gaps. As you develop your idea, write down your plans. Even a two-page concept paper can lend an idea a tangible quality that generates its own momentum. The plan becomes a basis for discussion. Massive changes begin with asking someone what they think of your plan. People get involved with ideas because they are excited by the opportunity to build something they care about. Always find out how your idea fits into another persons visions for his or her life. If someone asks, How can I help you? be ready with a few ideasnot just a request for moneybut advice, references, introductions, moral support. Open-mindedness is a prerequisite for innovation, but only to a point. Creating anything new involves an extraordinary amount of listening. On the other hand, to take the initiative we must believe that we know enough to get started. It requires a balancing act to remain open to what the world has to teach you, without losing sight of what you have to teach the world. How do you distinguish between advice to heed and advice you can safely ignore? Think of this question as an opportunity to clarify your motivation. When you peel back the layers of an idea, what remains at the core must be bedrock: an insight or belief that grips you with its power something you know to be 100 percent true. The degree to which you operate from an unshakable core is the degree to which you can navigate the winding road, sort out the signal from the noise, and withstand criticism, opposition and failure. To become a successful change-maker, you dont have to study social entrepreneurship. You do need to understand the workings of the systems you hope to change and the history of the problem with which you are concerned. Knowing how people have attempted to solve this problem in the past what worked, what failed, and whyis essential because most new ideas are adaptations of earlier ideas that became bogged down by the details. Understanding those details may be the difference between achieving impact or failure. In addition to empathy, patience, and courage, you need hard skills: knowledge integral to building organizationslike finance, distribution, or marketing. Todays world needs more than humanitarians, explains Jacqueline Novogratz in The Blue Sweater. We need individuals who know how to listen and who have real and tangible skills to share. We will succeed only if we fuse a very hard headed analysis with an equally soft heart. One group of change-makers who will play increasingly important roles will be those with crosssectoral and cross-cultural experiences and relationships. Bridges between government, business, and the citizen sector, and across industries and borders, are necessary for the creation of whole solutions. Intermediaries will lead this process. Above all, change-makers should learn how to navigate through resistance. Change always brings resistance. It is rarely rational. In Leading Change, James OToole explains that people resist change primarily because they bristle at the idea of having the will of others imposed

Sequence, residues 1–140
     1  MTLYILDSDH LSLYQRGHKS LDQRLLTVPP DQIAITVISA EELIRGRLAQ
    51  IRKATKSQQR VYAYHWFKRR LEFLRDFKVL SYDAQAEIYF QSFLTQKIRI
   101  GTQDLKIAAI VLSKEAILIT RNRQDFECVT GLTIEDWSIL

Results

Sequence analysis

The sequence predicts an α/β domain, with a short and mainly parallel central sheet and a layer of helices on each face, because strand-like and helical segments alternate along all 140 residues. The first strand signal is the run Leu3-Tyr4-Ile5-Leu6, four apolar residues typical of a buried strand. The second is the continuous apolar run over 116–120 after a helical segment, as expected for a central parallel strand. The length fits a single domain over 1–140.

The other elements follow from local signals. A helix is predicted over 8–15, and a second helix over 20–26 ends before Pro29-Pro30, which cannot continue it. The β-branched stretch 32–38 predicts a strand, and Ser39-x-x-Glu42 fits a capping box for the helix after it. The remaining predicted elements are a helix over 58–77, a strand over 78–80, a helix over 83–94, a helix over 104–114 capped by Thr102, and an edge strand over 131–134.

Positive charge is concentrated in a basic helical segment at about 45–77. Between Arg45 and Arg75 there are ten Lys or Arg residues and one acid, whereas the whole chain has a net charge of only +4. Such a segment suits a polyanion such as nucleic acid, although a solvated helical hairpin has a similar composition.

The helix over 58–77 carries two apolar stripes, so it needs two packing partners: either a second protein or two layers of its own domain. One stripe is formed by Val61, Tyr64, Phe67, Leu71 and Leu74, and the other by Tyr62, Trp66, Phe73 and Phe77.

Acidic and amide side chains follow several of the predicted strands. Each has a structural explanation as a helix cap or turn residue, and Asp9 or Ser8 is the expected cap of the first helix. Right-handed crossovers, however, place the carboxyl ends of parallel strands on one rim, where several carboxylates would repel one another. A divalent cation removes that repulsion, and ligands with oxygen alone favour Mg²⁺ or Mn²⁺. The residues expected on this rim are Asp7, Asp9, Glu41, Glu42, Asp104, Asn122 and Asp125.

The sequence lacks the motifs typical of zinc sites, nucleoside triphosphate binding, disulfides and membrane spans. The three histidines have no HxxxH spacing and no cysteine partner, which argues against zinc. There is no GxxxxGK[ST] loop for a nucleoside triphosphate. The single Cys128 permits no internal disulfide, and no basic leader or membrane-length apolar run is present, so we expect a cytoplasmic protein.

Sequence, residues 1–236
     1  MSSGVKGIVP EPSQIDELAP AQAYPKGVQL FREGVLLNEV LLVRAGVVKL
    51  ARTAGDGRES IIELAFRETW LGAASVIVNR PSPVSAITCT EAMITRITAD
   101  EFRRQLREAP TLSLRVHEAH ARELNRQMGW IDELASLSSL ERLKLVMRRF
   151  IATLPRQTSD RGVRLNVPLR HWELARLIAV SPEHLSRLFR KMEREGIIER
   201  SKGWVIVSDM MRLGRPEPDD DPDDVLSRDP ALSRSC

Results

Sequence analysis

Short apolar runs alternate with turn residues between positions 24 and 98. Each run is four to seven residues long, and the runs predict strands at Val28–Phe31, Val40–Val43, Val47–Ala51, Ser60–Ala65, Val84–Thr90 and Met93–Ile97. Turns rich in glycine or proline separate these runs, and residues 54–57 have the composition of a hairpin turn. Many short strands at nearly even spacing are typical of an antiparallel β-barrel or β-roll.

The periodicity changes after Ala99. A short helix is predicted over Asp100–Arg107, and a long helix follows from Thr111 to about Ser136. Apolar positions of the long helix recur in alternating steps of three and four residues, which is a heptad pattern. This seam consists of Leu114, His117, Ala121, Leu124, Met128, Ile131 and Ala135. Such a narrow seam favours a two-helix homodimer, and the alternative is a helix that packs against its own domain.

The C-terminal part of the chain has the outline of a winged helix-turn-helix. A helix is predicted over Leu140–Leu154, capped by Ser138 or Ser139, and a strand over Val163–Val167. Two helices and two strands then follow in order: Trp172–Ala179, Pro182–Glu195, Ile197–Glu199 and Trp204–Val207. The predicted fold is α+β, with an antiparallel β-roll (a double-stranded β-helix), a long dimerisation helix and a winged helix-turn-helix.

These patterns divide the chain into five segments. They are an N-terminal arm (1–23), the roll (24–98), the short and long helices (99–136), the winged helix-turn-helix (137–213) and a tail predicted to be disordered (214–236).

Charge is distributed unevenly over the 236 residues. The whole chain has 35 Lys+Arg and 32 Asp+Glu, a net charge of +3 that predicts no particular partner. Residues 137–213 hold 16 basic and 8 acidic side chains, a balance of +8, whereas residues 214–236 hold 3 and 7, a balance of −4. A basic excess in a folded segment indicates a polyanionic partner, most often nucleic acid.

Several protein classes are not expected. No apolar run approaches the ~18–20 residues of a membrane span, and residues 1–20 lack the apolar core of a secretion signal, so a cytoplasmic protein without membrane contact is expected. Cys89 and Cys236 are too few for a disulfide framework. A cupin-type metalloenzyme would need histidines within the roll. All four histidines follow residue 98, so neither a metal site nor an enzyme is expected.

upon them. They then concoct moral justifications to defend their positions. As psychologist Jonathan Haidt has noted, the mind looks for ways to make sense of what the gut has already decided. For this reason, moral arguments alone rarely change minds. Being effective often means letting others believe they are right. People will endure the discomfort of self-questioning only if they feel appreciated and secure. Successful change-makers lower defenses in opponents by listening, acknowledging their ideas, and showing deference. Senator Edward Kennedy became one of the most effective legislators in U.S. history by developing collegial relationships with Republican lawmakers who virulently disagreed with him about the role of government. In similar fashion, social entrepreneurs like Geoffrey Canada of the Harlem Childrens Zone, Vanessa Kirsch of New Profit Inc., and Wendy Kopp of Teach For America have enlisted support from leaders across the U.S. political spectrum. As the citizen sector continues to mature, pathways currently unseen will emerge. Just as those who were free to relocate to Silicon Valley in the early 1990s could take maximum advantage of the Internet boom, those who remain mobile todayuntethered to expensive life-styleswill be able to seize opportunities in social entrepreneurship as they arise. If the idea of active citizenship resonates with you, the place to begin is wherever you happen to be at the moment. We dont have to postpone action until we graduate or retire. We learn how to cause change by practicing change-making now. We can bring change in our workplaces, schools, neighborhoods, or families, and in our selves. One simple way to strengthen commitment is to investigate a problem that deepens your understanding and draws you into caring and respectful relationships with people whom you can help. If there is one overarching aspect of social entrepreneurship that remains misunderstood, it is the notion that you must be selfless to do this work. Journalists often refer to social entrepreneurs as do-gooders, conjuring up images of self-sacrifice. The irony is that most social entrepreneurs we know find their work fulfilling and enjoyable. In contrast, polls reveal that the majority of doctors, lawyers, and journalists, for example, are dissatisfied with their work. People who switch to the field of social entrepreneurship after spending years doing more sensible work often say that they did so in order to feel more alive. Ask Jordan Kassalow, the founder of VisionSpring, which makes eyeglasses available to poor people in the developing world. He feels a thrill every time he sees a clients face light up with the experience of clear sight. His motivation for building VisionSpring into an international organization is crystal clear: I get to experience that thrill over and over. CHANGE

Here's to the crazy ones, the misfits, the rebels, the troublemakers, the round pegs in the square holes... the ones who see things differently - they're not fond of rules...You can quote them, disagree with them, glorify or vilify them, but the only thing you can't do is ignore them because they change things... they push the human race forward, and while some may see them as the crazy ones, we see genius, because the ones who think they can change the world, are the ones who do.